Friday, June 28, 2019

Maps: Dougherty Extension Railroad

The main trunk line of the Dougherty Extension Railroad, built by the Santa Clara Valley Mill & Lumber Company between 1888 and 1897, measured over 8.5 miles long—longer than the Southern Pacific Railroad-owned branch line that it extended. But unlike that branch line, this rugged lumber railway was not constructed at one time but rather extended at least twice from its original terminus at Doughertys, four miles north of Boulder Creek, to its ultimate end near the headwaters of the San Lorenzo River. Through that journey, the track crossed the river up to ten times, as well as several other substantial streams. Its narrow-gauge of 36 inches allowed it to take sharper turns and climb steeper grades than the usual railroad, but the Dougherty Extension Railway rarely needed to. The gentle curve and slow climb of the upper San Lorenzo Valley offered obstacles, but none were especially difficult to surmount. No tunnels were required as with the route through the Santa Cruz Mountains nor were high and intricate bridges needed, as with the Loma Prieta Branch.

Two men sitting on a cut and debarked log near the F. A. Hihn Company mill on Kings Creek, c. 1910s.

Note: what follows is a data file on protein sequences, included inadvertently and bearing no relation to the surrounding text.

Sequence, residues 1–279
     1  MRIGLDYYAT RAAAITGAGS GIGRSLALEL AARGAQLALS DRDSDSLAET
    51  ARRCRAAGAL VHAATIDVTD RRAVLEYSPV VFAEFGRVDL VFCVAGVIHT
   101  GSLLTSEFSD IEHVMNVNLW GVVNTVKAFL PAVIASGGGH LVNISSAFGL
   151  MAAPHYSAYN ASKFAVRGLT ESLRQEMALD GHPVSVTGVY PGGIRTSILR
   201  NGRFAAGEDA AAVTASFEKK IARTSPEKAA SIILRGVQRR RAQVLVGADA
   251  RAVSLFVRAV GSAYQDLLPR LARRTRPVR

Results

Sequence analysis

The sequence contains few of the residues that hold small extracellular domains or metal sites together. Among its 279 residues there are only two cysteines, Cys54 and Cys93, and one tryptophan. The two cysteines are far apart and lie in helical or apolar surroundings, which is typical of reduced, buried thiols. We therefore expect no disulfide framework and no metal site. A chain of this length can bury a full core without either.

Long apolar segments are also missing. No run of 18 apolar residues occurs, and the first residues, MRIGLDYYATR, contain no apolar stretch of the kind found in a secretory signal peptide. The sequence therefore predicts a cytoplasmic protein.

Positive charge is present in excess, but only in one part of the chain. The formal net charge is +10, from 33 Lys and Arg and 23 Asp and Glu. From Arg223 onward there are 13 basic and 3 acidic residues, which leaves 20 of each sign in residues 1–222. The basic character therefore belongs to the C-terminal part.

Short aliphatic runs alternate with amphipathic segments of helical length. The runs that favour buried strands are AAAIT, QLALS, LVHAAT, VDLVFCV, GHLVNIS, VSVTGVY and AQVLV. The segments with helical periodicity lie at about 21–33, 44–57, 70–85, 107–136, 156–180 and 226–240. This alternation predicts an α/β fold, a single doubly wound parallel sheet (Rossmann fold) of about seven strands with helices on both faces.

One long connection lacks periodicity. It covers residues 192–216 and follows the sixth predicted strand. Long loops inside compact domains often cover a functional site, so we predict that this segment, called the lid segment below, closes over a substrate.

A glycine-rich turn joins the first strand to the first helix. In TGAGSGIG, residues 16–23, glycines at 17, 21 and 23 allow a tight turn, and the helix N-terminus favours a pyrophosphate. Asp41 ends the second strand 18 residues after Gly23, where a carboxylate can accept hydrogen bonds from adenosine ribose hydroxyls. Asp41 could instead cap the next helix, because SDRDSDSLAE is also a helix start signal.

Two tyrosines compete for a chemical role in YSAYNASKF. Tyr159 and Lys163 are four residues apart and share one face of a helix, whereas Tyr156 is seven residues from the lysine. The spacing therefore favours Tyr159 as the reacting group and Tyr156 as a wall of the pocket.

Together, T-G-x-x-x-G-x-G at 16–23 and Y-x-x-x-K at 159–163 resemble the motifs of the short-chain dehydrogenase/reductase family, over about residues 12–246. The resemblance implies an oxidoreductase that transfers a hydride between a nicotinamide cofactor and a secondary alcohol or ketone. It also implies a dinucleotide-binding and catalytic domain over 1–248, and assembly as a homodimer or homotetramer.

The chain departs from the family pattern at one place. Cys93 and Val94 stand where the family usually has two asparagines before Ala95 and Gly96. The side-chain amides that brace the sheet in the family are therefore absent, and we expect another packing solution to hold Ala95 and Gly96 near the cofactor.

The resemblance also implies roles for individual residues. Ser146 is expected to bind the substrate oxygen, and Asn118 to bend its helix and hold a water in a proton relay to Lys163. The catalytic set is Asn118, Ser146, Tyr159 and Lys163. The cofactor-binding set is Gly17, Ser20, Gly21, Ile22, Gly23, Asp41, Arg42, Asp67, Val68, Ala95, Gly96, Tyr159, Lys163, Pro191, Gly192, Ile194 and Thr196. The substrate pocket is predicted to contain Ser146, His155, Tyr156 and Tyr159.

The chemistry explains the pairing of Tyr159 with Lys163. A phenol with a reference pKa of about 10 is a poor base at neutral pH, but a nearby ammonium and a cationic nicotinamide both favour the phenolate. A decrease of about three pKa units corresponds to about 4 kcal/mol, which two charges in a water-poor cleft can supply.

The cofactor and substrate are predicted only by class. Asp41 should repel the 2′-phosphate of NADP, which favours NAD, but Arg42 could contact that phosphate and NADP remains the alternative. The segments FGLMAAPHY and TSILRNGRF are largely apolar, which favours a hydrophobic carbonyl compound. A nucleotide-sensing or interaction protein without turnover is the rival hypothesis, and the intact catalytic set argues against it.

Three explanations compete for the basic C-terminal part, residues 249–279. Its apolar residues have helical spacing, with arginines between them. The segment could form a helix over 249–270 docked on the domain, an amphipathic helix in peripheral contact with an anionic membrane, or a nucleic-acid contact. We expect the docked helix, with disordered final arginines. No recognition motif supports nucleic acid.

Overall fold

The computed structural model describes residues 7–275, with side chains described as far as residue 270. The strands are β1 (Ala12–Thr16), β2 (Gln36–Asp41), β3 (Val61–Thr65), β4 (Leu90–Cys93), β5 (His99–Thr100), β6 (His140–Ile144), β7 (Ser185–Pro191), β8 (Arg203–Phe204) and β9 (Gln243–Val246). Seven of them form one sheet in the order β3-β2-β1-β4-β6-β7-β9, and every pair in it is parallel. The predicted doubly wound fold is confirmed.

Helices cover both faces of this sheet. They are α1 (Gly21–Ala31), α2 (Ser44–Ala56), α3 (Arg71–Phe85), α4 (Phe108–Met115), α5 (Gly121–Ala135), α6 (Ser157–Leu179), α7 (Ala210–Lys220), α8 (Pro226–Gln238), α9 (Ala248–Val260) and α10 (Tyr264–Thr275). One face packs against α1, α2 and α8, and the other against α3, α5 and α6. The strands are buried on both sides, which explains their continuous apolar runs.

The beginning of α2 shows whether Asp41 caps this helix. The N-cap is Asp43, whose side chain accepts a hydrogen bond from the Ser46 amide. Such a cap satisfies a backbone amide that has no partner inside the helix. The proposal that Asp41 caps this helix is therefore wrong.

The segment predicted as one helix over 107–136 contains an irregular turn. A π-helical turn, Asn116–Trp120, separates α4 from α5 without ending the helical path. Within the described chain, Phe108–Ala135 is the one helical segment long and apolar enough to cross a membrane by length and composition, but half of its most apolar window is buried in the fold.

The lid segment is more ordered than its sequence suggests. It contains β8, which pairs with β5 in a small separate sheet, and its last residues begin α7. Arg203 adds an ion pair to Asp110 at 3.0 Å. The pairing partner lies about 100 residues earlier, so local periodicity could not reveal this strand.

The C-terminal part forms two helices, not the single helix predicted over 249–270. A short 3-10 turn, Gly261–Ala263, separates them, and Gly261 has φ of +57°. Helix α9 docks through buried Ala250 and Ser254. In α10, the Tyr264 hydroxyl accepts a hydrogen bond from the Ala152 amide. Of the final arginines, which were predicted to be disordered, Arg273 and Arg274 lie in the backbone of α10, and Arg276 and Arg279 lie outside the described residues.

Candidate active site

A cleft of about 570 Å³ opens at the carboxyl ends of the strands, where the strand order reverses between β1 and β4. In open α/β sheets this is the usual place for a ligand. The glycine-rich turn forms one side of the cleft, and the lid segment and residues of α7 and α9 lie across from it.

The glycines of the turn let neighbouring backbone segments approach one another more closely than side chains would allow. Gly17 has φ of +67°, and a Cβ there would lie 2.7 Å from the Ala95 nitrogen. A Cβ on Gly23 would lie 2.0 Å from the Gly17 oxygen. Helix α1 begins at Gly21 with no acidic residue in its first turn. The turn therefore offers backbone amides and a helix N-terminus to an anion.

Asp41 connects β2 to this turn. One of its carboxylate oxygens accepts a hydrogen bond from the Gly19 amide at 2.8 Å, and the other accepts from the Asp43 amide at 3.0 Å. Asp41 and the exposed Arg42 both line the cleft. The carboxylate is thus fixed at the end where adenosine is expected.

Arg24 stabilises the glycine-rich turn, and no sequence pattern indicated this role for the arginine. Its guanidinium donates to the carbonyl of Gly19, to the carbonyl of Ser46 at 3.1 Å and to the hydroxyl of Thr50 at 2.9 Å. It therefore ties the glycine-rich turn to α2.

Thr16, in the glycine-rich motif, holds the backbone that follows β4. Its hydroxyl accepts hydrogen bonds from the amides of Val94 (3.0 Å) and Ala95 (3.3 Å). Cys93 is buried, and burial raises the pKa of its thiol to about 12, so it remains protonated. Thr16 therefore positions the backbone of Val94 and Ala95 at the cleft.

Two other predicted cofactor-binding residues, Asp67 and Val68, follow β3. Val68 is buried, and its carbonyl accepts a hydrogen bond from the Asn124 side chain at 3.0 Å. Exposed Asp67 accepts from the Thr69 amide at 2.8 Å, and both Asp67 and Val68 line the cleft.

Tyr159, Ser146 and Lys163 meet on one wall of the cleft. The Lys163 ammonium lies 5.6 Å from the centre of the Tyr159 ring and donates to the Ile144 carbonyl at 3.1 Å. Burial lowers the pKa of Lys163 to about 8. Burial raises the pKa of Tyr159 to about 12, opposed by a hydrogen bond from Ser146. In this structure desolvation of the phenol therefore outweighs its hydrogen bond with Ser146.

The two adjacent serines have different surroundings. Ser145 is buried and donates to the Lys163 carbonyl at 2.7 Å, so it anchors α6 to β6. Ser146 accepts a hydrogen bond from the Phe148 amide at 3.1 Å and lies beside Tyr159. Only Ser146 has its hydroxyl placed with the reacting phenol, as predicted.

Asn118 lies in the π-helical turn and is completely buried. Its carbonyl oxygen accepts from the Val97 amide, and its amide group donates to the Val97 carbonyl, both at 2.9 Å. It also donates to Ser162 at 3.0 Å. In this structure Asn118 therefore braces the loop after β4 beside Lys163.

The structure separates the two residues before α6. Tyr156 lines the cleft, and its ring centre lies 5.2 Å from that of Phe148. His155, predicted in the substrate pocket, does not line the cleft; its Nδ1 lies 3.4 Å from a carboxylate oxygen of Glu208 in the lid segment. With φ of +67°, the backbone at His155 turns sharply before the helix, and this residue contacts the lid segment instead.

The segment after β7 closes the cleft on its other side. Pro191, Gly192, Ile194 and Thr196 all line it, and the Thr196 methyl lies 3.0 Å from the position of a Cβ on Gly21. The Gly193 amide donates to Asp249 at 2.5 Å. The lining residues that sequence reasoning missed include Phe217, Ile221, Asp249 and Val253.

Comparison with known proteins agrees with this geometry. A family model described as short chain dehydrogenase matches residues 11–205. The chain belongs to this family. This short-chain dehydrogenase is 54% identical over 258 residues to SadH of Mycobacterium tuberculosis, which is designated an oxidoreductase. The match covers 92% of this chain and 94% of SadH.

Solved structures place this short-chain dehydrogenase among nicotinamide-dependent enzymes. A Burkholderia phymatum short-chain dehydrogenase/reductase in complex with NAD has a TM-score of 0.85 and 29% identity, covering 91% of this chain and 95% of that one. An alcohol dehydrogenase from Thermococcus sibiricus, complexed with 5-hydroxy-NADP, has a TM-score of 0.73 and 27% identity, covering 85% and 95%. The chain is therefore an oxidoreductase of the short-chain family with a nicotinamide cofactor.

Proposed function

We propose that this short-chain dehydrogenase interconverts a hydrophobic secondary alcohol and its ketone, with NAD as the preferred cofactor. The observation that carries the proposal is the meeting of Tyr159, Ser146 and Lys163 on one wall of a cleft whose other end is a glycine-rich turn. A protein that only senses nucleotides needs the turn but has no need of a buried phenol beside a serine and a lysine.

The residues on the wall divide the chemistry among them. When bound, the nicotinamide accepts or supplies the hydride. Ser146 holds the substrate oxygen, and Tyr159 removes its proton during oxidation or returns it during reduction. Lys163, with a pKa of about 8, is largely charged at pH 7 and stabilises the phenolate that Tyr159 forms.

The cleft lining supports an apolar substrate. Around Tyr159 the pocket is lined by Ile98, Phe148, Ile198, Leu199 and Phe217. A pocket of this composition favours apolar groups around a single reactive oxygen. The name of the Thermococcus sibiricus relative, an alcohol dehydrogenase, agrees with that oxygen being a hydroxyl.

[San Lorenzo Valley Museum]
The railroad line departed Boulder Creek near modern-day Junction Park, crossing Boulder Creek, the San Lorenzo River, and Bear Creek via a trio of bridges. From here, the railroad tracks kept to the east side of the river, bypassing old downtown Boulder Creek. Near where the river passes under State Route 9 today, the railroad also crossed the county road, continuing north between the road and the river for roughly 1.5 miles. This was likely where a short spur for the Harmon Mill was located, although its precise location is uncertain. The right-of-way along this stretch can sometimes be glimpsed, although homes have now been built atop the former railroad route in this section.

Dougherty Extension Railroad line north of Boulder Creek, 1897-1917. Not all streams and roads marked. Mills not located directly beside right-of-way only notated by its spur. [Derek R. Whaley]
About 1.4 miles north of town, at the bottom of Two Bar Road, a spur for the Morrell Mill was located, probably ending near the current Lee & Associates Rescue Equipment building. Another 0.5 miles north, another spur probably broke off near Spring Creek Road for the F. A. Hihn Mill on Kings Creek. The spur likely paralleled State Route 9 for a short distance before ending somewhere in the vicinity of the Boulder Creek Roadside Cafe and Garrahan Park. Loads of lumber brought down Kings Creek Road from the mill on Logan Creek would have been transferred to waiting flatcars here.

Piles of cut timber sitting in the lumber yard at Boulder Creek, c. 1910. [San Lorenzo Valley Museum]